Welcome to the first of my seven-issue series on Craft, in which I’ll dive into the way I approach writing fiction, specifically novels.
The opinions I’m sharing in these essays are not rules for writing, but ideas for how you might think about writing. I’m not going to tell you to kill your darlings or never use prologues. (I’ll admit it: I LOVE PROLOGUES.) I am going to share with you strategies for writing that I’ve learned through personal experience. If they resonate with you, I encourage you to try the tips I suggest. And if you have any questions, please feel free to leave a comment or reply to this newsletter in your email. Thanks for reading!
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Begin before the beginning
Most discussion of writing craft begins with the actual writing, but I believe it’s important to take a step back and look at the person who will write those words: you.
Who are you as a writer? What is your writer identity?
Many writers think of themselves as “plotters” (writers who enjoy planning their books in advance) or “pantsers” (writers who like to fly by the seat of their pants). But my definition of identity is not about how you set down words in the form of a story. It’s not about your writing process.
Nor is it about the category or genre of novel you write. You may write young adult novels, or mysteries, or science fiction, but YA, mystery, or science fiction are not your identity. For example, when people look at my body of work, they can see that I write young adult books. This is true, but when I think of who I am as a writer, it’s not “young adult author.” That’s simply the way other people categorize me.
Finally, writers are often linked with adjectives such as “bestselling” or “critically acclaimed.” It’s tempting to identify with these adjectives, but remember that they’re external markers that are unrelated to your writer identity. Whether or not your book becomes a bestseller or critically acclaimed has nothing to do with who you are as a writer.
So if it’s not about process, genre, or external markers like “bestselling,” what do I mean by identity?
Your identity as a writer is an internal compass that leads you to stories that only you can write.
The word identity is admittedly imperfect. You might think a better term for this would be mission statement or vision or voice — or even compass. But I wanted to emphasize that your writer identity is internal and unique. It is only for you; it is not a brand. It is your personal connection to why you write.
Once you’ve discovered what your writer identity is, you’ll be much better equipped to make decisions about what to write and how to write it.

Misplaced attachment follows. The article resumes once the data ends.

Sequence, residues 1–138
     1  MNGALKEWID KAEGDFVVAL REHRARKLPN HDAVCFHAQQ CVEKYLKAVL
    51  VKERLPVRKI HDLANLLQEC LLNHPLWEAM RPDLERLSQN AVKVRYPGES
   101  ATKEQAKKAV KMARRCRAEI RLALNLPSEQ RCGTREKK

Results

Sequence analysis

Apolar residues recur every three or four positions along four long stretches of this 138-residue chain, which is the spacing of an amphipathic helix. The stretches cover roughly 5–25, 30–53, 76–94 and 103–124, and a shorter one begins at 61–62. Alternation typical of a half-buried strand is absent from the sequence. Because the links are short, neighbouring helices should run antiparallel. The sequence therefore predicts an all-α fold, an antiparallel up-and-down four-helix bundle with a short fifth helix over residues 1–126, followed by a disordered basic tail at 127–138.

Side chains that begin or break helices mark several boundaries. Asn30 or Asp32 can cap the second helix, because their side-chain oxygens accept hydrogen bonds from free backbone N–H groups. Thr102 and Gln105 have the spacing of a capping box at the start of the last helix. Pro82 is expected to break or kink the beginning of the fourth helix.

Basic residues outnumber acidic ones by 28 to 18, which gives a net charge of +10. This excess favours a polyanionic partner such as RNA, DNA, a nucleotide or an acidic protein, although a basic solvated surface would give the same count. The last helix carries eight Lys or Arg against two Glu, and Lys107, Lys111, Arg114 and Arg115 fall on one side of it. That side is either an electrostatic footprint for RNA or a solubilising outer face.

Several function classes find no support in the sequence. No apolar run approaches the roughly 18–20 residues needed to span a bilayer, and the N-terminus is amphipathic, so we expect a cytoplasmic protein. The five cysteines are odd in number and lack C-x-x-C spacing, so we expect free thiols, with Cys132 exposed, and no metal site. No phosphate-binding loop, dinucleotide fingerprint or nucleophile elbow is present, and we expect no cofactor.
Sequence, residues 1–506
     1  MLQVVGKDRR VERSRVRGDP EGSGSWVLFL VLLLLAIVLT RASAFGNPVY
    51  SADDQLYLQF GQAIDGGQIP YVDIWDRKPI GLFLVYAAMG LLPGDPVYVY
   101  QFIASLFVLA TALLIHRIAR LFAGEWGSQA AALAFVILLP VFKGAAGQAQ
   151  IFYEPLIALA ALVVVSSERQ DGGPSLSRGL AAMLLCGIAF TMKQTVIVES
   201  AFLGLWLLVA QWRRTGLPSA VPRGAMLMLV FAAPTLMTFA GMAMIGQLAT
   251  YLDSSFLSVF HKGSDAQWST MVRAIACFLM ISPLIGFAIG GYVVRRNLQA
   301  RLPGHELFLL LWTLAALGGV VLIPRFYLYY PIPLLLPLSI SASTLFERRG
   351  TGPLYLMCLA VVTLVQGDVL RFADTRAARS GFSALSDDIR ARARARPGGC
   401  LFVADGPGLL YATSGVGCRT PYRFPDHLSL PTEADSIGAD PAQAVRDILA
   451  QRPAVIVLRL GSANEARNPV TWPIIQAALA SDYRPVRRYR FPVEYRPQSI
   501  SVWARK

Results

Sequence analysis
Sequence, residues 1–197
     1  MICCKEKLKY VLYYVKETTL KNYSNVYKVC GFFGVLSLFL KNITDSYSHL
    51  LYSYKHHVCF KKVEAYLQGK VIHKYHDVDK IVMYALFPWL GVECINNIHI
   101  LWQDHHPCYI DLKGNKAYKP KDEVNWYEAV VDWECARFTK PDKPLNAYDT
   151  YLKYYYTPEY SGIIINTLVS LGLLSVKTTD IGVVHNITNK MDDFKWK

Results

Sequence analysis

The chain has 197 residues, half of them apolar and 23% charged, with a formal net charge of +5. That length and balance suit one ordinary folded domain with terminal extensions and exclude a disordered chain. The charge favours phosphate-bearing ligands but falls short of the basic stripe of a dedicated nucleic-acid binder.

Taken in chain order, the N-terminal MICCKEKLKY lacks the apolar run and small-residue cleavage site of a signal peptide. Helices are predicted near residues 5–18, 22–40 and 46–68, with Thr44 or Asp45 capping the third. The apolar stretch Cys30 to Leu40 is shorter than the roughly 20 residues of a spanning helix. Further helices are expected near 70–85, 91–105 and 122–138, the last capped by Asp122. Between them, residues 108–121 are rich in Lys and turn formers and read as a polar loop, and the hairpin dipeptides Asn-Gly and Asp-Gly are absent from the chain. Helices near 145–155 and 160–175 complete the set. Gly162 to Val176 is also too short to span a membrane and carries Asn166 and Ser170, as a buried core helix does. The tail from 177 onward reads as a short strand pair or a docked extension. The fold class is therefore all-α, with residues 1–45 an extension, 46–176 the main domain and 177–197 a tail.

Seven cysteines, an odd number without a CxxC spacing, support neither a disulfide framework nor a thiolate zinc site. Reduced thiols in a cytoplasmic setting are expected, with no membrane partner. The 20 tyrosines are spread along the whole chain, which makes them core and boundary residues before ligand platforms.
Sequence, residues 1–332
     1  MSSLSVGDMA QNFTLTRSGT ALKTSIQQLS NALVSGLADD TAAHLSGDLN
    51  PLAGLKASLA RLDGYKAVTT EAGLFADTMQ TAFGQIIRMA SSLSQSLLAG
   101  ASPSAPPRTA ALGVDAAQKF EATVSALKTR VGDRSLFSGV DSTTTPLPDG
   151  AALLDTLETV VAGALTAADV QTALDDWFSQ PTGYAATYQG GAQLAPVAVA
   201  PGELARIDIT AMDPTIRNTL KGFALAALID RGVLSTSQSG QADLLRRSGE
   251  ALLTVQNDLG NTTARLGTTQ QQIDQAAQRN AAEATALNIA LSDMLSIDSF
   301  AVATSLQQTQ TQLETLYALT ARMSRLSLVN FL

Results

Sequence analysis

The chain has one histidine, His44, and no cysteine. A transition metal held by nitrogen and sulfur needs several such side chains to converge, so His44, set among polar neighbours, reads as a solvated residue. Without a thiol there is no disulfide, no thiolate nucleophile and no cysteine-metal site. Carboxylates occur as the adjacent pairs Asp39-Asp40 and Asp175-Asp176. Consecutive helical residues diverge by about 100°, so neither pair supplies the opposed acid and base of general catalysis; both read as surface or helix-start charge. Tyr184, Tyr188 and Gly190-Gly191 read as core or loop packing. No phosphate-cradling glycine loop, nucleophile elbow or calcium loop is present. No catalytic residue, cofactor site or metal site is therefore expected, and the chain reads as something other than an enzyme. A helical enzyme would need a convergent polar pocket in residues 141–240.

How to find your writer identity
I strongly believe that you should write what you want to read. That means in order to find your writer identity, you need to think about what you most love to read.
Simple, right? On the one hand, yes. On the other hand, it’s complicated because we have so many judgements about which books are worthy of our love.
When I was growing up, I loved a variety of books, from Nancy Drew to Anne of Green Gables to the Dragonlance fantasy novels to Lois Duncan’s gothic-tinged suspense. I was drawn to Robin McKinley’s novels about heroic young women, as well as Madeleine L’Engle’s quieter books about aspiring writer Vicky Austin. I loved Little Women, which was considered a “classic,” but I didn’t connect with most of the books assigned in high school like The Great Gatsby or The Sun Also Rises.
One of my favorite high school English teachers allowed us to choose the books we wanted to read for class—but only up to a point. We were allowed a certain number of books she described as “schlock,” and the rest had to be teacher-approved classics. The dictionary definition of schlock is “cheap or inferior goods or material; trash.” When my English teacher described books as schlock (yes, she actually used this word repeatedly), she was referring to popular fiction: science fiction, fantasy, mysteries, romances.
I loved this teacher; she was such a supporter of my extracurricular writing, and she taught me how to love Shakespeare and Jane Austen. But she also denigrated the popular fiction I loved. At one point she told me I needed to stop reading popular fiction; I had to read a classic. So I found a workaround. I brought in Ursula K. Le Guin’s The Left Hand of Darkness and pitched her on how significant the book was. She allowed me—with a wry smile I remember to this day—to read it for class.
This wasn’t the first time I encountered this kind of judgement about my reading choices, and it wasn’t the last. I’m sure you’re very familiar with this kind of judgement too. Anyone who reads knows that certain kinds of books are considered more worthy (literary fiction, “serious” books), while other kinds of books are considered less worthy (genre fiction, “fun” books).